Local Timbers on the rise
In my predictions for 2022 I stated that there would be more focus on domestic lumber. Today I dive deeper into that and look at how local timbers present opportunities and challenges to the commercial lumber market as well as the individual hobbyist woodworker.
As we look to source lumber I urge those using exotic species to consider what aspects of those species make them good for your particular application. Then examine what native timbers might be able to fill in. Don't let availability hinder you at first but just explore the local species options. You may be surprised that there are a great many species growing on your doorstep that could fit the bill. The challenge that lies ahead however is sourcing those species and building a market around them so local mills will create boards instead of grinding them up for mulch or automatically declaring a species as "trash wood" or "not worth sawing".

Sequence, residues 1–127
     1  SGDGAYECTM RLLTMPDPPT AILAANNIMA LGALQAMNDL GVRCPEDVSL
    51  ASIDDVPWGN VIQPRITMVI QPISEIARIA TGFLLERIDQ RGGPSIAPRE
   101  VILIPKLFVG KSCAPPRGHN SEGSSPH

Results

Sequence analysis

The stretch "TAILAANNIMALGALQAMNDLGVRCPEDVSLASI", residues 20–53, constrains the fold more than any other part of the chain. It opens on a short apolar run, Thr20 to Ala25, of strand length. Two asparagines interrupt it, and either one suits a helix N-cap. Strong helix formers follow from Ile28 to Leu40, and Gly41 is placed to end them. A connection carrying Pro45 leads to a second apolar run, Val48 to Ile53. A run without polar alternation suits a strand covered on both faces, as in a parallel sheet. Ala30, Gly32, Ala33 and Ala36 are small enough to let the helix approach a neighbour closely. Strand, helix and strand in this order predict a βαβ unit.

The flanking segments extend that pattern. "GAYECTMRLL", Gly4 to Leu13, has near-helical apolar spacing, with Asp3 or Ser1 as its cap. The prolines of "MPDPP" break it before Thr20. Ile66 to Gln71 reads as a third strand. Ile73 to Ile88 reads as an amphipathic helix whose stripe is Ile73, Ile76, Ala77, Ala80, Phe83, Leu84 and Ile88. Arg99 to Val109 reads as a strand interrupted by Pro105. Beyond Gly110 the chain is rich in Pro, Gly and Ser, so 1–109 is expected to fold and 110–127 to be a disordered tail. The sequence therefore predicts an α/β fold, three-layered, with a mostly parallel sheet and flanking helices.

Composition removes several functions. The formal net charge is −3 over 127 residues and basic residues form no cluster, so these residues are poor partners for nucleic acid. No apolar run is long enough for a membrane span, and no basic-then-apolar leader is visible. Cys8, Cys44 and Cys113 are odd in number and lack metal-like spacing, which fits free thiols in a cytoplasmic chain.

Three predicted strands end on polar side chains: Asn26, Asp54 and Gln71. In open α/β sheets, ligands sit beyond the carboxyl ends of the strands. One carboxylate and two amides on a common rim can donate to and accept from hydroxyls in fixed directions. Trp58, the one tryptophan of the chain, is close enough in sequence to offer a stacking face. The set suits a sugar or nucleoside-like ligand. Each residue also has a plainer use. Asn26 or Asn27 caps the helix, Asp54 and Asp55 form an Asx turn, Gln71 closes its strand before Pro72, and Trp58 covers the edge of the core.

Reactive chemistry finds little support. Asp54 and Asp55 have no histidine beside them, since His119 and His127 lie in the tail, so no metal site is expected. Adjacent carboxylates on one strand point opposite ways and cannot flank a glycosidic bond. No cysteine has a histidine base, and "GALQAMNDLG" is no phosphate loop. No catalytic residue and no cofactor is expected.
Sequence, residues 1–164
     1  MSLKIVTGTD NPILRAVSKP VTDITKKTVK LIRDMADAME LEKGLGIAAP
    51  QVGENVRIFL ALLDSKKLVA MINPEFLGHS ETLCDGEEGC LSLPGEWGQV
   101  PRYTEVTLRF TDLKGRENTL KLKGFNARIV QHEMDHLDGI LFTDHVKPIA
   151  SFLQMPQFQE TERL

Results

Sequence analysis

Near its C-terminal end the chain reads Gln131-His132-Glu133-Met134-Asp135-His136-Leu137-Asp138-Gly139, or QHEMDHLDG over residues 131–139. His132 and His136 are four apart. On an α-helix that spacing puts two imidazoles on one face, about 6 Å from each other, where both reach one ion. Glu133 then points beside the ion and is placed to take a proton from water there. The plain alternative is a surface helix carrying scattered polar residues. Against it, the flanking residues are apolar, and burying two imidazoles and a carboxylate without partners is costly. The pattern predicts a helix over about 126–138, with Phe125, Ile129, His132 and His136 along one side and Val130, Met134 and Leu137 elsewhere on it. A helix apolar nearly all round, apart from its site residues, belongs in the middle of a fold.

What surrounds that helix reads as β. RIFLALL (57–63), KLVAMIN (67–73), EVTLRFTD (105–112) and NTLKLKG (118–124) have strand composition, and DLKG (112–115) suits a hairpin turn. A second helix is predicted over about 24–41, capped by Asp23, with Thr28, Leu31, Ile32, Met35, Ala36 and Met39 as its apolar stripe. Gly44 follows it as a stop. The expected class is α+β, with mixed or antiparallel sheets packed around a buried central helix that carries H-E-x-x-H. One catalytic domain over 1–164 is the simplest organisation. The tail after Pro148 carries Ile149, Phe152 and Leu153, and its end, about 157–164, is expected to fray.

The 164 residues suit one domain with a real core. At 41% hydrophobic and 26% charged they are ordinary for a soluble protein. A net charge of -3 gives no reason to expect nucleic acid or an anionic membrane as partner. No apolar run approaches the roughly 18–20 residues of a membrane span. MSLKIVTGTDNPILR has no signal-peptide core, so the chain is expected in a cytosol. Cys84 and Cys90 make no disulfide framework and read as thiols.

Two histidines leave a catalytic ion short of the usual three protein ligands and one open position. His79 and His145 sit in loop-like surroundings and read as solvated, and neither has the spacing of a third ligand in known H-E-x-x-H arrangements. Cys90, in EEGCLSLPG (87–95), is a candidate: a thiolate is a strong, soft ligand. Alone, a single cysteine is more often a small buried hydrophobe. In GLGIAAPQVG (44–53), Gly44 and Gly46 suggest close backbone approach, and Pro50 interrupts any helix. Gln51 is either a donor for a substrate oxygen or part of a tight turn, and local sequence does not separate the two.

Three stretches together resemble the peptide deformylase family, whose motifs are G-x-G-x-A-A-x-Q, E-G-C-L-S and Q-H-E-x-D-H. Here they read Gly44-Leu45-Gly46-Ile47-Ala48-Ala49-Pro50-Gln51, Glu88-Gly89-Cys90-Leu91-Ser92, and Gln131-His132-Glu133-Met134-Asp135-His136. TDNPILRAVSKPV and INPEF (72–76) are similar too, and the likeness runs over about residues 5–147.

Special thanks to Larry from bringing the Shop Stool podcast to my attention and go take a listen to episode 68 for a great discussion on native timbers to Australia that plays nicely into what I'm discussing in this episode. Particularly minutes 44-52.
Also thanks to Michael for his research on Sweet Gum in the San Diego area with regards to the early railroad industry. Another great example of native timbers being dismissed as not worthy when there could be some viable lumber options right under our noses.
Rising Lumber Prices in Reaction to the Ukrainian War
This wouldn't be the Lumber Industry Update if we didn't discuss the rising prices again. We have discuss the impact of the war in Ukraine on the lumber markets considering Russia is the largest exporter of wood products in the world. Specifically their plywood comprises 10% of the overall global market. But we need to look closer at the types of wood products they export and see that while a large volume, it is a specific product. Primarily softwoods for framing lumber and Birch which mostly goes into plywood manufacture. These products fill a narrow window of the overall lumber industry and it could be a good thing in the long run to help bolster the local infrastructure to produce a greater volume of these "shop grade" materials.